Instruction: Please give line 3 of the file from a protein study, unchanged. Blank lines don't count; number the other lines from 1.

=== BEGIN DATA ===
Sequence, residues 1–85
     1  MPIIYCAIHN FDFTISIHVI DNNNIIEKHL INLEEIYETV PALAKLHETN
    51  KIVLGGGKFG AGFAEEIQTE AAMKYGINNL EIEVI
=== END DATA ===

    51  KIVLGGGKFG AGFAEEIQTE AAMKYGINNL EIEVI